Saturday, October 31, 2015


Every legend has a beginning. For Grand Master mystery writer Donald E. Westlake, THE CUTIE (1960) was his first novel published under his own name. However, the book was originally published under two different titles, THE MERCENARIES and THE SMASHERS. It wasn't until Hard Case Crime (my favorite contemporary publisher), reissued the novel in 2009 that Westlake's preferred original title, THE CUTIE, was restored. I finished reading this one yesterday evening and it certainly doesn't read like it was written by someone at the beginning of his career. Westlake was that good right out of the gate.

Billy Billy Cantell, a two bit junkie with mob connections, gets framed for the murder of gold digger Mavis St. Paul. He turns to Clay, a soldier/hitman in the employ of mob kingpin Ed Ganolese, for help. But before Clay can help the little weasel, the cops come calling and Billy Billy disappears.

Clay must play detective to find Billy Billy and clear him of the murder which is bringing heat on the organization. But before Clay can find him, another woman is murdered, Billy Billy is found dead and someone tries to kill Clay more than once. There are a few more twists and turns in the story before Clay finally deduces the identity of the real killer (I figured it out before he did) and dishes out mob justice (a shot to the head) to the guilty party. But the ending of the book finds Clay in a trap from which there may be no escape.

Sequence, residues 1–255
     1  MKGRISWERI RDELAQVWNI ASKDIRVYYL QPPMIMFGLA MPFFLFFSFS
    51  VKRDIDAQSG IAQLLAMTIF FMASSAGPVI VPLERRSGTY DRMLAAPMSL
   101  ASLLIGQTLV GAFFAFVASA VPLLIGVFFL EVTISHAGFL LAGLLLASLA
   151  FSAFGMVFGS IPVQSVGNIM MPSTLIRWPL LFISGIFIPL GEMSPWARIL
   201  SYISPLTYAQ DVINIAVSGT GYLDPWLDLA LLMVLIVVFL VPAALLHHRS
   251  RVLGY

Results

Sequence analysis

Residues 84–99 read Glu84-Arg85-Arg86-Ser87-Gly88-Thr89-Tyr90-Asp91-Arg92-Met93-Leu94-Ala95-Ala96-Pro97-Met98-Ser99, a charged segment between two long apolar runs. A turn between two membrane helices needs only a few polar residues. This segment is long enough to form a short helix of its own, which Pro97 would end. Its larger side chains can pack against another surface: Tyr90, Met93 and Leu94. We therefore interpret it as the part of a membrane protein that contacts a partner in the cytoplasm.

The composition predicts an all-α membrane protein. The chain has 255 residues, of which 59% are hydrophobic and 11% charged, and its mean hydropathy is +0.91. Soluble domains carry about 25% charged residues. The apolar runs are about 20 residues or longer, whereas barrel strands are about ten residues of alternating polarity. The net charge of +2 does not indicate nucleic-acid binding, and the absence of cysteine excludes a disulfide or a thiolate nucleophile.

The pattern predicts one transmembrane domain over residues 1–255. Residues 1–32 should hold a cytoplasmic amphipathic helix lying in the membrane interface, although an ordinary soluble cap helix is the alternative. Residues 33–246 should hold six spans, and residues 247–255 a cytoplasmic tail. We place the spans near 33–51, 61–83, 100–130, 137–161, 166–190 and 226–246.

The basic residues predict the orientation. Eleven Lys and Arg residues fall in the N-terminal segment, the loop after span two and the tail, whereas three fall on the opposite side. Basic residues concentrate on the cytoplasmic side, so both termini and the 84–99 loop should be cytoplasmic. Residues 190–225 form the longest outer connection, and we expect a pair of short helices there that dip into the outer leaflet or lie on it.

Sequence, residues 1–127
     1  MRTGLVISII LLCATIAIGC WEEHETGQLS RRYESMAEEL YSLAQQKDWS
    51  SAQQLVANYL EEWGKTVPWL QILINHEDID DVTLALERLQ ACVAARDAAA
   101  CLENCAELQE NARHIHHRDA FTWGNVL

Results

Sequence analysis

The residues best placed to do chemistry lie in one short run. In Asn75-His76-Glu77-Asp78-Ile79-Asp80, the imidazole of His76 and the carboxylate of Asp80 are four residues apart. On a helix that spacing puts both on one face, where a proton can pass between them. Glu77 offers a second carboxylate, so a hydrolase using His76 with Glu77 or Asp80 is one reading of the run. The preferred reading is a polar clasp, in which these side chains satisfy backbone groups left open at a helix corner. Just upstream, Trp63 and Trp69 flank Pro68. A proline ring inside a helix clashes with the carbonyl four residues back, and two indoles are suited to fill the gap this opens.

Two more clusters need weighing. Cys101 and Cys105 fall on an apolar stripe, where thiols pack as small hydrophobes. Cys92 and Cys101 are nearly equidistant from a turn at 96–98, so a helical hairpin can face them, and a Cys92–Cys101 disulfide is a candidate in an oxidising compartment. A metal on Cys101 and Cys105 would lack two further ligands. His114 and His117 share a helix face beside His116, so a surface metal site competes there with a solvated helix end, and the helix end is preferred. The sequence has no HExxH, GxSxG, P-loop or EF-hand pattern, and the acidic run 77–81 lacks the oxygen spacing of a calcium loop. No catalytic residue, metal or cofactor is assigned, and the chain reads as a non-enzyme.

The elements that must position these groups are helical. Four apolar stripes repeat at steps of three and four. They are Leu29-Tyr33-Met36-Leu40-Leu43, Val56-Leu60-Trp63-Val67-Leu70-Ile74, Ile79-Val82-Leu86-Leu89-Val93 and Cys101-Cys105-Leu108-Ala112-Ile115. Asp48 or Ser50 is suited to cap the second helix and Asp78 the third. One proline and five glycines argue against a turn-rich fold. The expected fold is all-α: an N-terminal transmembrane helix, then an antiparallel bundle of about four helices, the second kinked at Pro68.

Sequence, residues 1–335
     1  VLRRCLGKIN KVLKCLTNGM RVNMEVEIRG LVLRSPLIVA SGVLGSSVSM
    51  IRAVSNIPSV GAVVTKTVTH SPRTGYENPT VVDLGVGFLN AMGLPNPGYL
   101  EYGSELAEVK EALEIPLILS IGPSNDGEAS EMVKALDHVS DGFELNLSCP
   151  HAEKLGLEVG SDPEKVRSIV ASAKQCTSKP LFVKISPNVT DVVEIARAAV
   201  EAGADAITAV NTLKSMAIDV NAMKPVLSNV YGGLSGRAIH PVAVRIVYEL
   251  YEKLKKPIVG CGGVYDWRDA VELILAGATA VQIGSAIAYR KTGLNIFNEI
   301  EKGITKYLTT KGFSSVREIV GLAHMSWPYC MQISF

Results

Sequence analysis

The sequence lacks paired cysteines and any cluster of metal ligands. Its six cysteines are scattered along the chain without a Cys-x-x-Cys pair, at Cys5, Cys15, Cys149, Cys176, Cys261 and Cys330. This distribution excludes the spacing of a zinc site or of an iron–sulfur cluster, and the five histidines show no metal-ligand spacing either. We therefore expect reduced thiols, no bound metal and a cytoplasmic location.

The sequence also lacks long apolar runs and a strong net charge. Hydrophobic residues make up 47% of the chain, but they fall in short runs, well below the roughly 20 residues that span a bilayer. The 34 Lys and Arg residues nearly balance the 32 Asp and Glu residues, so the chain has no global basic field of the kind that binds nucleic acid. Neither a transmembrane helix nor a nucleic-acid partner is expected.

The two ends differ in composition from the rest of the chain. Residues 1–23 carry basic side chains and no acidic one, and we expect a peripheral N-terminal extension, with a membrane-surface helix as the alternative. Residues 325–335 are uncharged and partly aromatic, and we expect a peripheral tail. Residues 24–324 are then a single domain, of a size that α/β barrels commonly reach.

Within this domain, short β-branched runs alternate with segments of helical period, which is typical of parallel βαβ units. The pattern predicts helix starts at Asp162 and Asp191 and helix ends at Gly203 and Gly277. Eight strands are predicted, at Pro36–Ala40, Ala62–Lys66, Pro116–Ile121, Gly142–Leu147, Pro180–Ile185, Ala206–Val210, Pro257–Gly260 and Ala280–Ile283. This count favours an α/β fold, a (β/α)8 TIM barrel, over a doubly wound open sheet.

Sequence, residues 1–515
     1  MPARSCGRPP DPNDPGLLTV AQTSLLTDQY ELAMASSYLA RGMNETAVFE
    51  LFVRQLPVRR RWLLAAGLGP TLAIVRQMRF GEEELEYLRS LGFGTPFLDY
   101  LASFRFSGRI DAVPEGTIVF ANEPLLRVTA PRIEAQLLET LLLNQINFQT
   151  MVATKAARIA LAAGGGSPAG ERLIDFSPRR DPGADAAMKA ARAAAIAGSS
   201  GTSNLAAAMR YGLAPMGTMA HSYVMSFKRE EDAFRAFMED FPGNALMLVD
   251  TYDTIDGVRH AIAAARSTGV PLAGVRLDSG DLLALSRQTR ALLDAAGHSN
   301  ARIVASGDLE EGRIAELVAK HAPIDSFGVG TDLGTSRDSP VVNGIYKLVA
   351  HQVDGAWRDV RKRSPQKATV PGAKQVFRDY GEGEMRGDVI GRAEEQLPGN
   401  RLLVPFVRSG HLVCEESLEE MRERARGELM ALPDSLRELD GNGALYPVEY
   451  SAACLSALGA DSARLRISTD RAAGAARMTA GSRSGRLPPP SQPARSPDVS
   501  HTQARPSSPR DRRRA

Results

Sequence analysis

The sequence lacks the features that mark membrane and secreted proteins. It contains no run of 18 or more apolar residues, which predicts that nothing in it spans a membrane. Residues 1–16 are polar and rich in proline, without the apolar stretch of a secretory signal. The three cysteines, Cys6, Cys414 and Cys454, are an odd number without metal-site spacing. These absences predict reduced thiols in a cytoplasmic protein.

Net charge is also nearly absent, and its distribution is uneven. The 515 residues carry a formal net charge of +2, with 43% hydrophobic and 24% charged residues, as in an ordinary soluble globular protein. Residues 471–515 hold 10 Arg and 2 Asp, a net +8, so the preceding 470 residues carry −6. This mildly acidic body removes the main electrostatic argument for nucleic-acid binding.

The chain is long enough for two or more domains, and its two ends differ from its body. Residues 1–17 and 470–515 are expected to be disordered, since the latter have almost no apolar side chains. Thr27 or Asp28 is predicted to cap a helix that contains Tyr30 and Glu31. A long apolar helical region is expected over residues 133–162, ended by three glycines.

THE CUTIE is a good, tough crime/mystery novel. Westlake takes a chance by having a mob button man as a protagonist. Clay operates in a New York City full of vice and crime, a world populated by gangsters, drug users, crooked cops and beautiful women. It's the kind of "quick and dirty" crime novel I really enjoy. The more I read of Westlake's extraordinary body of work, the more I like the guy. He's quickly becoming one of my favorites. Recommended.

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